Can you name 10 different uses of a hair dryer? If you have come short of that number, you might need to ask some more questions to wring creative juices out. Once you have, you might have actually come up with a number way higher than ten.
What made companies which were under the radar disrupt the market with mind-blowing products we no longer imagine our lives without? What made Ryanair become the airline with the highest load factor in consecutive years within the past decade? How did Airbnb shake the foundations of the well-established hospitality industry and compelled hoteliers to rethink their offerings?
Their founders asked questions that unearthed so far unmet needs in the market. They drilled through stacks of facts that confirmed the status quo and saw opportunities to innovate through asking disruptive questions.
It all starts with a question
And it should not be just any question. Albert Einstein claimed that out of one hour given to solve a problem he would spend a fifty-five minutes looking for the right question. This statement is quintessential to what is needed to come across the right answer.
The most common question I heard within the past, and surely in many months to come, was – how do we increase sales during an economic downturn? The most frequent, immediate response was – drop the rates! Wrong questions lead to bad decisions. However, questions such as: who our clients in this changed landscape are, what if we did not ask them to pay right away and instead split their payments in installments, what would happen if we offered the menu on the clients’ phone instead of handing them an old fashioned paper menu – to name a few, encourage to take a fresh look at the surrounding environment, pose questions that challenge the current state and open door to investigation.
Disruptive in this case stands for simple yet defying. Conducive to perspective-changing outcomes. Bold, provocative, and often uncomfortable. Disruptive questions have these traits in common to inspire innovation, lead to astounding discoveries which can be turned to successful turnarounds, a new product or service launch or change the way we see the reality altogether.
From descriptive to disruptive
When asking questions, we often end the probing process at getting to know the status quo. But this is just the beginning of the road to uncovering the reasons to poor demand, slowing growth or unapparelled attrition. To find out how we can remedy an unfavorable situation, “what if” questions do the trick.
What if we offered the same payment conditions as superstores on household goods for those who book their holidays now? What if the cancellation policy allowed clients to cancel last minute with no penalty? If one answer is not satisfactory enough, the same should be asked from different angles – why are customers not buying, and why not offer them something different? This will open the door to many options you deemed inconspicuous.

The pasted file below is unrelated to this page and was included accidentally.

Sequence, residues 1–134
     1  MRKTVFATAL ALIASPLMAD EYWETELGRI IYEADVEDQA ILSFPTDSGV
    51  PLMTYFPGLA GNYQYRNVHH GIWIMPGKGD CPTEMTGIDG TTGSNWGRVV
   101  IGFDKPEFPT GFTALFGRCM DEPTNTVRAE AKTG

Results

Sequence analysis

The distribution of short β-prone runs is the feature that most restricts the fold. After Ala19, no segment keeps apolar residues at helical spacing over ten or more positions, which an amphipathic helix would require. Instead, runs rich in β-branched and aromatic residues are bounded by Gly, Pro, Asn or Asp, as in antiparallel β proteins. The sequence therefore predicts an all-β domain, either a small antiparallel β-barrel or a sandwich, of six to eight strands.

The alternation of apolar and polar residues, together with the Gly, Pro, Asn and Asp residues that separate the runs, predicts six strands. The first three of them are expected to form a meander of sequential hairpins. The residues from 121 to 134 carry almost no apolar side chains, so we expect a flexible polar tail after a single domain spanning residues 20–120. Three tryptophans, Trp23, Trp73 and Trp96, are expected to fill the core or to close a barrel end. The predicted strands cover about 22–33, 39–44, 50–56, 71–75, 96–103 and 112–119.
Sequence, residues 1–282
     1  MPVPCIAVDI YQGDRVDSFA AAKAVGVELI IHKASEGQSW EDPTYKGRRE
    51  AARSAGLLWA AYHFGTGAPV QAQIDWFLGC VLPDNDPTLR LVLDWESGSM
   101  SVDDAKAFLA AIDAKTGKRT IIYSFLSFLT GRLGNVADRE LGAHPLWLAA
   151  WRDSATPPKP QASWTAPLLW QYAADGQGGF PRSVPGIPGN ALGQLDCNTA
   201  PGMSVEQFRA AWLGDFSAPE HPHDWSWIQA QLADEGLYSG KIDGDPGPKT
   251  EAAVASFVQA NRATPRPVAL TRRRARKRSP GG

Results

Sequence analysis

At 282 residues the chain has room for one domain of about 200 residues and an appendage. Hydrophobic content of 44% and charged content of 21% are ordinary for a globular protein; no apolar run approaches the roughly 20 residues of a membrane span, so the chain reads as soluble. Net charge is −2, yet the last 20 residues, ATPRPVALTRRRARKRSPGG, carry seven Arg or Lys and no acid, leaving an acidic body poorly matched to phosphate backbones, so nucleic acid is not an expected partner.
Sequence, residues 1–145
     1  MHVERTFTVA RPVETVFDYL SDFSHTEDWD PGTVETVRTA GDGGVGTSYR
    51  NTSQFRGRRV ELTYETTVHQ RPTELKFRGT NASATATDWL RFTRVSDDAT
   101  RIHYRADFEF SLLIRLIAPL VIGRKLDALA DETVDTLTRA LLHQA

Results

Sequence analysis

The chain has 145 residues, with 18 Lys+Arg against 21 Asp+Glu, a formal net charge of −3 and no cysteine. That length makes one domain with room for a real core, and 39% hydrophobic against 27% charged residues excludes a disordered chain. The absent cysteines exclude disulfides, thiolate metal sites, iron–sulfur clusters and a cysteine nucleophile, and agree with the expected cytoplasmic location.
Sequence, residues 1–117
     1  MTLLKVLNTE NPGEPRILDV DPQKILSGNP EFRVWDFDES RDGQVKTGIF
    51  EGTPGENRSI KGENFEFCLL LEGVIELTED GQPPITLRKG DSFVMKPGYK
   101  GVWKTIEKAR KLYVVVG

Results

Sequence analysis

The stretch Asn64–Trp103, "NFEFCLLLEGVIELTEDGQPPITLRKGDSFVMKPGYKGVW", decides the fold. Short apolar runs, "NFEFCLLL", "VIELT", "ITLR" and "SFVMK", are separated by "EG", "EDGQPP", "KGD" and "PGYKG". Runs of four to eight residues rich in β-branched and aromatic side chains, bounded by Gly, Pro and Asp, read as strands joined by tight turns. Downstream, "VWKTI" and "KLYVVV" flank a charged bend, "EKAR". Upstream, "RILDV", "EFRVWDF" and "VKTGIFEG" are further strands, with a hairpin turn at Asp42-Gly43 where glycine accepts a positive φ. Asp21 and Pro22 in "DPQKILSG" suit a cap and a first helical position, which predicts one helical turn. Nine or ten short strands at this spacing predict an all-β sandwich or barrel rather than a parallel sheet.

No frill airlines must have posed questions regarding onboard service- what if the meal and drinks were excluded from the ticket fare? Following the same path, budget hotels would think, what if the guest made his own bed?
Set no time, money, or room limits
When limits are imposed, we focus on several outcomes of one hypothesis. Those type of questions companies specializing in onsite tourist activities needed to pose when the ais traffic came to a standstill and social distancing was imposed and must have been of this sort – if people can no longer travel, how do we bring those activities to their homes? And this is how an array of alternative solutions came up, the world moved online, and we could still taste the fruits of Latin America or pay a virtual visit to Tokyo.
When no boundaries of any nature are set, the imagination can bring ideas which would otherwise not crop out. Some restaurants must have asked themselves during the pandemic- what would happen if we could no longer print out menus, how would the customers see what to order? Subsequently, the menu was available on their mobile with scanning QR code available on their tables. Contactless, environmentally friendly, safe, and efficient, the solution hit the bull’s-eye.
Some creative havoc may occur as a result of lack of constraints on ideating solutions but undoubtedly this is a great way to let the imagination fly. A great example is a question we get to be asked when enquired about professional aspirations, who would you be if you did not have the job you have today? This question might be quite revealing, might prove to be awkward, but that’s why we should not shy away from asking it more frequently.
What’s in it for us?
Disruptive questions are meant to challenge the old ways of seeing the reality and overturn the known paths of thinking. They help build new roads to competitive advantage, to improving people’s life, to uplifting revenues of ailing companies. Coupled with observation and experimentation they have the power to set the business on the growth path or bring about significant changes to the way we have seen things so far. So, if you were not who you are today, who would you be?